Air Menzies International (AMI) has started operating a new cold-chain facility in Johannesburg to coincide with the wholesaler’s accelerated expansion exercise whereby physical handling capacity has been doubled across the board.
At Sky Park Industrial Complex adjacent to OR Tambo International Airport, AMI has already moved into its new warehouse and office complex which, at 2 959 square metres, is more than twice the 1 450 squares that the express freight company used to have at its disposal.
With its new perishables unit at the airport itself, AMI believes it’s on the cusp of becoming the preferred cargo handler for temperature-sensitive goods – if it isn’t already.
Inside “Unit 19”, next to AMI’s older “Unit 20” facility, Fred du Plessis, the branch manager for Perishables and Charter Services at AMI, explains that growing demand has necessitated seeking additional space.
However, physical expansion into an existing facility next to Unit 20 also necessitated a complete floor-to-roof overhaul of Unit 19 that includes a new epoxy resin floor, five fan units equipped with best-practice sensor technology to stay on top of temperature control, and a vacuum-forced cooling chamber for temperature correction.
The latter, especially, gives AMI’s cold-chain capability an edge that should translate into quick uptake, Du Plessis says.
“In the event of product reaching us and, for some reason or another there has been a change in temperature during road freight, for example, we can immediately correct cargo cooling according to a client’s specifications.”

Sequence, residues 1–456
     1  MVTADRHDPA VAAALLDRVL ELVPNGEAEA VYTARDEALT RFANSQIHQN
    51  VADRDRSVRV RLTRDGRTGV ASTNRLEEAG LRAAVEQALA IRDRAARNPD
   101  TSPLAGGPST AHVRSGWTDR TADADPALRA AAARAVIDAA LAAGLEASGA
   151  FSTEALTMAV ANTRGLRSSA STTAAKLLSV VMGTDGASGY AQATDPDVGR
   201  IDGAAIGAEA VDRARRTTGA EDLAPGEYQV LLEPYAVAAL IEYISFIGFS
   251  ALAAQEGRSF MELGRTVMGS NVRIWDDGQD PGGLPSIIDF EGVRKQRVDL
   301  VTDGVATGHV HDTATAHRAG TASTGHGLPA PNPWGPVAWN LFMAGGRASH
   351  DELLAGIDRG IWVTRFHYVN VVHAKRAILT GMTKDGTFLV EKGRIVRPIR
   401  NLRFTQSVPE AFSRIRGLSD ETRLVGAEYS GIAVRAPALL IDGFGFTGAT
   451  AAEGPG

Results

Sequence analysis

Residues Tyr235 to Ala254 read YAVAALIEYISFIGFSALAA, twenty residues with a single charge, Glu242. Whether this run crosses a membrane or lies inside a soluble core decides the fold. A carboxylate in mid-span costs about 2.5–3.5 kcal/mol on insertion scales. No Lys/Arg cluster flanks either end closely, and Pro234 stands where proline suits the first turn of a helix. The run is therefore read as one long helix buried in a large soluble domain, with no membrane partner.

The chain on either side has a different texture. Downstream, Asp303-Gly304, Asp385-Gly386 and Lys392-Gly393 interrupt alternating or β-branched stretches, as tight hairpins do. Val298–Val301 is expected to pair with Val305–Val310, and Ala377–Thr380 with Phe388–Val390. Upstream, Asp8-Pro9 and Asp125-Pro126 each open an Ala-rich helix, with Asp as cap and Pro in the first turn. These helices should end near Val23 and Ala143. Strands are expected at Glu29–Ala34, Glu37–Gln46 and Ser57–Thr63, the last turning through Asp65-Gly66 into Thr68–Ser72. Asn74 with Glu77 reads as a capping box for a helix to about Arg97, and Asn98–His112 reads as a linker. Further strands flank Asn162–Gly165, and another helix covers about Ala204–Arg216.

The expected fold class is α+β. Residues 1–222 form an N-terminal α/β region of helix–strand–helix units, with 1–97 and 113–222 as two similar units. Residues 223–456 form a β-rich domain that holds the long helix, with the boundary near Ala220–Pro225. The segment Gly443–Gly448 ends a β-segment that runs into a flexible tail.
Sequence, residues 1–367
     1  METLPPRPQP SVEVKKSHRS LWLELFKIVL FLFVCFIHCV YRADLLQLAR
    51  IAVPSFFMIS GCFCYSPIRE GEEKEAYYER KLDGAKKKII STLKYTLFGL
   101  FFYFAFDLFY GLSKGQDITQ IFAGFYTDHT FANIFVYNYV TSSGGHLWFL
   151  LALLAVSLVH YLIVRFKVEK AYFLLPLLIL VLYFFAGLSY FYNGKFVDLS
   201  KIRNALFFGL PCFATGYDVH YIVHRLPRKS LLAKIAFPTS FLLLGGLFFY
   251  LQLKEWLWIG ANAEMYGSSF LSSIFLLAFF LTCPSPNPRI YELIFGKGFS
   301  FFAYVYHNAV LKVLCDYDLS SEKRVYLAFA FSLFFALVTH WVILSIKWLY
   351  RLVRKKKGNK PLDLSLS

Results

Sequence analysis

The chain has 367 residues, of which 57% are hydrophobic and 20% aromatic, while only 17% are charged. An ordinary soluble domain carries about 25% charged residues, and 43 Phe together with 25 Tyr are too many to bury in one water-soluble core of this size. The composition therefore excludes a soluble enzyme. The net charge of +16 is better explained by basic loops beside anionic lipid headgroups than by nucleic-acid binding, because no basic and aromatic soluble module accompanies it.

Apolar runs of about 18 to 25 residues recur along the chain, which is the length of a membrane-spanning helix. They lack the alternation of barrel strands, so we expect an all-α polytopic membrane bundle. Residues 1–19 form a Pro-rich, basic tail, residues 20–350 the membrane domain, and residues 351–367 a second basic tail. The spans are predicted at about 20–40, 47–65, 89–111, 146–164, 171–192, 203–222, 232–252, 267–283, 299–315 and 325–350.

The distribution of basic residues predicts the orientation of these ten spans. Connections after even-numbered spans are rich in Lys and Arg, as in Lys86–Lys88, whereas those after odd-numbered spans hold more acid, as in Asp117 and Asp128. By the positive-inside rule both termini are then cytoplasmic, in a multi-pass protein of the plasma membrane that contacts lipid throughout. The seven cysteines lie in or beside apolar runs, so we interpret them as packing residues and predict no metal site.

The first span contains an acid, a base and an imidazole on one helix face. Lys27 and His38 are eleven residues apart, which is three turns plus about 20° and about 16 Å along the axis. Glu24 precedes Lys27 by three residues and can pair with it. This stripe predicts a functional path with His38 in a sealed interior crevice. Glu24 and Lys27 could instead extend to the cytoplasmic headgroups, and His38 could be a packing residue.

Du Plessis says this kind of temperature control includes monitoring from the time a truck arrives at AMI’s cold-chain storeroom, to product processing and airline handover, during which time clients are continually kept abreast of what’s happening with their perishables.
“It’s all about keeping the entire cold storage chain intact, from arrival to dispatch and safe and secure storage in between.”
In keeping with international norms and standards, AMI’s new Unit 19 facility also offers product separation, Du Plessis says, to rule out exposure between one cold-chain consignment that can potentially affect another.
This is especially the case with ethylene, the gaseous plant hormone emitted by certain types of fruit that can quicken the ripening of other perishables.
“That’s why we have a split in this facility, to make sure that products adhere to the best temperature-control techniques in line with the latest global policies and procedures.”
Du Plessis adds that along with the older Unit 20 facility, AMI strikes a very good balance between various goods that must be stored at around two degrees, and more forgiving products that can handle eight degrees.
In addition to a separate five-degree facility used exclusively for flowers, the company feels it offers an all-round service that covers all aspects of cold-chain cargo.
“We’re very excited by what we have accomplished here,” Du Plessis says.
“We have the latest in individually controlled refrigeration technology, real-time monitored by cutting-edge sensors feeding temperature information through to a centralised control system. If anything changes, we can do the necessary temperature stabilisation to ensure top-standard perishables shipping.
“The amount of space we now have also gives us the flexibility to handle express delivery volume offset by longer-term storage capability during low-volume periods. It’s a best-practice best-of-all-worlds approach that guarantees unparalleled cold cargo capability.”